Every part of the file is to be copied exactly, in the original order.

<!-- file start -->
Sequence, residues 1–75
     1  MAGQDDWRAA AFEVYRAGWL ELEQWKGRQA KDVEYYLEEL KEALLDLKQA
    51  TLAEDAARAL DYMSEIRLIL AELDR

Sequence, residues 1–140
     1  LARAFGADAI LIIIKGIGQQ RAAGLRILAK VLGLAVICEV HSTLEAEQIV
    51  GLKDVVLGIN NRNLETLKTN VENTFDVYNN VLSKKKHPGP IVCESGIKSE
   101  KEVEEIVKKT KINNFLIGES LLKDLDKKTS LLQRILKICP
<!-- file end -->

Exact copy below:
Sequence, residues 1–75
     1  MAGQDDWRAA AFEVYRAGWL ELEQWKGRQA KDVEYYLEEL KEALLDLKQA
    51  TLAEDAARAL DYMSEIRLIL AELDR

Sequence, residues 1–140
     1  LARAFGADAI LIIIKGIGQQ RAAGLRILAK VLGLAVICEV HSTLEAEQIV
    51  GLKDVVLGIN NRNLETLKTN VENTFDVYNN VLSKKKHPGP IVCESGIKSE
   101  KEVEEIVKKT KINNFLIGES LLKDLDKKTS LLQRILKICP